February 23, 2021

7 Work Order Audits You Should be Doing

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For field service and maintenance industries, poor work order management can lead to execution delays, reduced reliability, and unachievable service agreements. Your work order process directly impacts customer satisfaction. If your response times are slow or the process is unorganized, the customer suffers, and you could potentially lose business.

Where do customers go when they’re displeased with a service? Yelp. A survey conducted by Dimensional Research found that 86 percent of service customers would pay more for a residential service provider with higher ratings and reviews. A bad service experience may not only lose you that customer, but also future customers who frequent review pages.

Streamlining and optimizing your work order process for efficiency is essential for remaining profitable and competitive. We recommend performing these seven audits on your work order process to optimize efficiency, reduce risks, and keep customers coming back.

Investing in an FSM software solution can set you on the right track toward optimizing your work order processes. If you don’t know where to start, use our Product Selection Tool to get a free, personalized shortlist of the best FSM software for you. We’ll ask you a few basic questions to get an idea of what you’re looking for and then match you with five solutions we think you’ll love.

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Recommendations for a better work order process

1. Design, document, and implement a standardized process

Without a standardized process in place for all stages of the work order process (initiation, submission, scheduling, working, verification, and invoicing), no one is on the same page about when to submit a work order request, the level of detail that should be on it, and what job-related expenses should be recorded. Needing a “fast response time” on a work order could mean four hours to one worker and four days to another.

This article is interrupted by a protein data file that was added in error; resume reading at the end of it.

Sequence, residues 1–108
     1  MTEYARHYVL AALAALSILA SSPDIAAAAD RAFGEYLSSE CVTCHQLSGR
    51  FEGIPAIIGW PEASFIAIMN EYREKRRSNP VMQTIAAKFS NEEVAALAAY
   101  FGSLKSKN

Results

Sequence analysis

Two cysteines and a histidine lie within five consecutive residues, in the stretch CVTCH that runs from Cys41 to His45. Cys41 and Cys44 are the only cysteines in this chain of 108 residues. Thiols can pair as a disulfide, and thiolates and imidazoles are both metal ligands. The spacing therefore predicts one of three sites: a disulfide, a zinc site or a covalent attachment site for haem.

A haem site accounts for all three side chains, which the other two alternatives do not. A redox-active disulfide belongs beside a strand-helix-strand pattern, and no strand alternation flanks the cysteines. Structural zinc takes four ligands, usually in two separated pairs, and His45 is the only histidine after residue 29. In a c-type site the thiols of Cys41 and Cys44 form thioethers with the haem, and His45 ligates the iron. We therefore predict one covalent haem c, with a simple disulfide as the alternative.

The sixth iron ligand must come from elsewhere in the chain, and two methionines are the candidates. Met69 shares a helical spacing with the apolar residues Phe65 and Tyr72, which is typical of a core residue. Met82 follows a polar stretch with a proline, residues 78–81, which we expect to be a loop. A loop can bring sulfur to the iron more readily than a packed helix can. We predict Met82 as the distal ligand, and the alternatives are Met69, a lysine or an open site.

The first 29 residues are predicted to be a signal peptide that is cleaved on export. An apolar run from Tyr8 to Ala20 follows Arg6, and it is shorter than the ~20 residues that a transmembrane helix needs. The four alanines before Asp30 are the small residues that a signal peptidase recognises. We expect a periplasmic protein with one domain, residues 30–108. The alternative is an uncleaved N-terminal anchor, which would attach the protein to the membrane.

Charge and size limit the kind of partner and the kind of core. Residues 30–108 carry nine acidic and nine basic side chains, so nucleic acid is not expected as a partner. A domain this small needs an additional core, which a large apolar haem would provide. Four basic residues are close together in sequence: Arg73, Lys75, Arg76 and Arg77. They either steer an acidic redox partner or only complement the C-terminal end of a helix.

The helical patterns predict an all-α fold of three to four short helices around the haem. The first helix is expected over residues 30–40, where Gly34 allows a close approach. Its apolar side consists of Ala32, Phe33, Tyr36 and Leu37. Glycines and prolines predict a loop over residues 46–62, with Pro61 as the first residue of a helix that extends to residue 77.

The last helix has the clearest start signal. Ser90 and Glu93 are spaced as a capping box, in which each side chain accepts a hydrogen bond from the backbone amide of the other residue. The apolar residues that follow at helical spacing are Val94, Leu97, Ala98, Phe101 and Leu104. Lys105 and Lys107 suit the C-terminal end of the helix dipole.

As a company, identify what kind of tasks require creating a work order, what is critical to include in the initial work order, and what information should be included on the work order during the working stage.

It’s helpful to establish templates, protocols, and benchmarks to remove the guesswork from the equation and set expectations. Protocols hold all technicians to the same standard, making sure that work is uniform across the board. Work order maintenance templates lowers the probability of error and/or confusion while providing consistency across all work orders. Benchmarks allow a company to set the expectation on responsiveness. Setting clear expectations about when a work order should be completed will cut down response time discrepancies.

2. Switch to a digital format

Post-it notes, white boards, and assigning work via phone calls becomes inefficient and messy quickly. A paper-based format relies heavily on technicians to coordinate work between themselves and makes it near impossible to discover any insight into how the process could be done better.

Even full reliance on spreadsheets causes problems with managing user rights and billing and invoicing. Switching from a paper-based to a digital system makes it easier to adhere to work order best practices and increases productivity. A digitized work order system will take all of the components within a work order, initiation, submission, scheduling, etc., and consolidate them into a centralized system that’s easy to access and view for multiple parties.

Investing in a CMMS or FMS such as Fiix that has work order automation capabilities will allow you to create, organize, track, complete, and analyze work order requests in one place. Create work orders with mandatory fields that can be prioritized, filtered, and assigned instead of using paper work orders and risking human error. Add manuals, pictures, and checklists to the work order, and create scheduled triggers to automatically generate work orders for recurring preventive maintenance.